A Palestinian disguised as a photojournalist stabbed an Israeli soldier in Hebron Friday, amid a "day of rage" that began with Palestinians torching a site believed to be the tomb of the biblical figure Joseph.

Israeli troops shot and killed the stabber. Three more Palestinians were killed by Israeli fire in clashes between stone-throwers and Israeli troops in several West Bank towns and on the Israel-Gaza border, Palestinian medics said.

The latest round of violence and bloodshed came as the United Nations Security Council held an emergency meeting on the fighting. Speaking before the meeting, new Israeli Ambassador Danny Danon displayed a Palestinian diagram meant to incite violence, entitled: "How to stab a Jew."

He blamed the Palestinian government and media for provoking attacks among children and teenagers. “You can see with this picture what incitement looks like,” he added.

The Palestinian ambassador to the United Nations, Riyad Mansour, blamed what he called Israeli "terror" through its occupation of East Jerusalem. He said such actions "will not break the will of our people."

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Speaking at the White House, President Obama called on both sides to control their rhetoric. He added, "The atmosphere in which there’s so much tension... creates the potential for more misunderstandings and triggers."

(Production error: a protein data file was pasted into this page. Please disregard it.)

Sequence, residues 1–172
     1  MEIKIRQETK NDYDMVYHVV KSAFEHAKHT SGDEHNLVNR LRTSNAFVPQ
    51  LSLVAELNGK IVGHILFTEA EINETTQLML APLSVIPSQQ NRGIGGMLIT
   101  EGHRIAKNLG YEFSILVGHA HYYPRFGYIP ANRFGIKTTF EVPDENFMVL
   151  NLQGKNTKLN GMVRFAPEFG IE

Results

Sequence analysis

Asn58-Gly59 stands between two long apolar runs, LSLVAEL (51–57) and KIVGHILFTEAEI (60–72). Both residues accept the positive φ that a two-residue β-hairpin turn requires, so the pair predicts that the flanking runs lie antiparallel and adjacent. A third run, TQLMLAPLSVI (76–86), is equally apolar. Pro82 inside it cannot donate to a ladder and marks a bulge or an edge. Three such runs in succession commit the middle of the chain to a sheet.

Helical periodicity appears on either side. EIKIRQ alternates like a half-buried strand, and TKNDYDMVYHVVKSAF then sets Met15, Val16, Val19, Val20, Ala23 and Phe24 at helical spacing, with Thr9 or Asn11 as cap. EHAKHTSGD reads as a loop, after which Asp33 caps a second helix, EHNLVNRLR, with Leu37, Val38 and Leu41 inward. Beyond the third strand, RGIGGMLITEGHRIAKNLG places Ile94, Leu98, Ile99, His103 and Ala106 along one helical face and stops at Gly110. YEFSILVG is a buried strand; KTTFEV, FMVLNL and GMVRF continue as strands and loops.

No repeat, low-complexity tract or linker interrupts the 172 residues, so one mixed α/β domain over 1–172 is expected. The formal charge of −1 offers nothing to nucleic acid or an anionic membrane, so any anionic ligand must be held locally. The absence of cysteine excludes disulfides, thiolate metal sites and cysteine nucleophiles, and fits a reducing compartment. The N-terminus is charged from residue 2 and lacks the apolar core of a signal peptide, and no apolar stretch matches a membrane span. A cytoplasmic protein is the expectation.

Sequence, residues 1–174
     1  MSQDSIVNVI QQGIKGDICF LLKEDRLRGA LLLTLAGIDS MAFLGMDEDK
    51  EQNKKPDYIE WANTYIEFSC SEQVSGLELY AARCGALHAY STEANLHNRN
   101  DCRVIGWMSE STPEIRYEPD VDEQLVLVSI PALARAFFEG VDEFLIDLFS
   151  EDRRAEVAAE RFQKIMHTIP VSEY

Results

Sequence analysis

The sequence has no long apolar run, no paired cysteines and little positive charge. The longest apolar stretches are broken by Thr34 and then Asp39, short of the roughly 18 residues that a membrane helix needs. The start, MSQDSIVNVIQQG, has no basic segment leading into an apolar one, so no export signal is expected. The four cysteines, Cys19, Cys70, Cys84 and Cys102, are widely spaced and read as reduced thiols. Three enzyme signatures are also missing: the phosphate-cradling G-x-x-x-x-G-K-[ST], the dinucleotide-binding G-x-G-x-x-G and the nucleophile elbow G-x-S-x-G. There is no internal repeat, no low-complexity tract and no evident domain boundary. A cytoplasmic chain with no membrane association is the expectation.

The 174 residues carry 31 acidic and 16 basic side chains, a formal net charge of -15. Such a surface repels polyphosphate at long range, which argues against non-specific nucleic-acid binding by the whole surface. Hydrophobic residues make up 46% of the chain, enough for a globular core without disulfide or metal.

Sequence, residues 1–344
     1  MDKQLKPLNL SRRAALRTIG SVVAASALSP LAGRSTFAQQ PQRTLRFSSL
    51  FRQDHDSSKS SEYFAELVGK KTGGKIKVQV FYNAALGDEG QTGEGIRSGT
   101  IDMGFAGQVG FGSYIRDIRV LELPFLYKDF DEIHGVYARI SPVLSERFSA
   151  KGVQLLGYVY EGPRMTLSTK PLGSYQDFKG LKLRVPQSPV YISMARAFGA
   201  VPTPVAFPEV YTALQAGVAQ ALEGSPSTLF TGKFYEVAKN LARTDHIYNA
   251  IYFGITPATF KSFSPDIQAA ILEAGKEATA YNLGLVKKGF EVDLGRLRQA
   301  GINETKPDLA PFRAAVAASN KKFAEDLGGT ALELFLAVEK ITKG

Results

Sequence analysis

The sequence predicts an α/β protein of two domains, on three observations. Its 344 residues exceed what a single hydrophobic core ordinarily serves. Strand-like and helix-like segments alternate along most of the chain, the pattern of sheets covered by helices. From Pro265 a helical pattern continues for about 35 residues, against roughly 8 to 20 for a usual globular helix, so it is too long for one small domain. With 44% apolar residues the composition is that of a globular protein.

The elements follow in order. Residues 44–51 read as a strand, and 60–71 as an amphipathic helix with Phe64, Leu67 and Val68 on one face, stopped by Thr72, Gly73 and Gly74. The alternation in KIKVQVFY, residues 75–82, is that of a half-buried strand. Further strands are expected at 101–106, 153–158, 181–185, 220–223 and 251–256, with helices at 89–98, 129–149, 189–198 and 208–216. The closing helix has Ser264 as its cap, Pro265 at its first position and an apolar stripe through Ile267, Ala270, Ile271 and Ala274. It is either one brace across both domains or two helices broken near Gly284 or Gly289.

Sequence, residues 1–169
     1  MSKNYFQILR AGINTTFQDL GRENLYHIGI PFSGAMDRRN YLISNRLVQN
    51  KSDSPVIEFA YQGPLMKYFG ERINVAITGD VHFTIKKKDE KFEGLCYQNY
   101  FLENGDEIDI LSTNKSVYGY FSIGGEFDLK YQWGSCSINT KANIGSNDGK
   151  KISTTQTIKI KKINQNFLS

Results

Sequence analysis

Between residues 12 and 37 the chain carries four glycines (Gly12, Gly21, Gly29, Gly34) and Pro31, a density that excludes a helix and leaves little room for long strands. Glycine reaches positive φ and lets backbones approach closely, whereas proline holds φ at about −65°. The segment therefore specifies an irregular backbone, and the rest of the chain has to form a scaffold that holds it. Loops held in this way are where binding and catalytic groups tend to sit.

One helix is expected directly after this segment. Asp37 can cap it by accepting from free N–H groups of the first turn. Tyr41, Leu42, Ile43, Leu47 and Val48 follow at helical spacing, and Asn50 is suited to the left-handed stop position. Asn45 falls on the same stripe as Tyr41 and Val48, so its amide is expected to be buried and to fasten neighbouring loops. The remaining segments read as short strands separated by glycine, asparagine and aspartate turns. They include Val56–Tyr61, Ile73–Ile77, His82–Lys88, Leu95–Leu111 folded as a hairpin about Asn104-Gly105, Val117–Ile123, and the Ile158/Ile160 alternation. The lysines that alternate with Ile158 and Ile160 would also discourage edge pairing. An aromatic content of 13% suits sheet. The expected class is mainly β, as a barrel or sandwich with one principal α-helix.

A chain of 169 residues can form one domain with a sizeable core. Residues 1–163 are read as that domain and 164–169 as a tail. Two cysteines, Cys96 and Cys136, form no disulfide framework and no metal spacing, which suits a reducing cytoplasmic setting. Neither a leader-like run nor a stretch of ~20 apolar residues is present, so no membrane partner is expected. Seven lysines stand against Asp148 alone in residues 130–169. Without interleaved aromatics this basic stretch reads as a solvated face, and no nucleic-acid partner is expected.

In Friday's stabbing, a Palestinian man wearing a T-shirt with the word "press" in large letters wounded the Israeli soldier before troops shot and killed the attacker.

At one point, shouts were heard, followed by several gunshots. Troops rushed to the scene of the stabbing, near a military jeep, and administered aid to the injured soldier who was eventually taken away by ambulance. The attacker lay on the ground, clutching a knife in his right hand.

The incident heightened concerns among journalists about their safety. The Foreign Press Association for Israel and the Palestinian territories said it "marks a worrying development" that demands all media operate with greater caution.

"We utterly deplore this violation of press privilege and call on local Palestinian media organizations to immediately verify all media credentials," the FPA said in a statement.

The attacker's name has not been released, but local journalists said they did not know him.

In Nablus, another West Bank city, Palestinians firebombed the tomb, an attack condemned as "irresponsible" by Palestinian President Mahmoud Abbas. Flames blackened exterior walls of the small stone structure, a scene of Israeli-Palestinian clashes in the past.

Confrontations also erupted in the biblical town of Bethlehem and the Israel-Gaza border.

In Gaza, hundreds approached a border crossing with Israel, throwing stones and drawing Israeli fire that killed one Palestinian and wounded two, health officials said. In Bethlehem, dozens of Palestinians hurled stones and firebombs at Israeli troops who responded with tear gas, rubber-coated steel pellets and live rounds.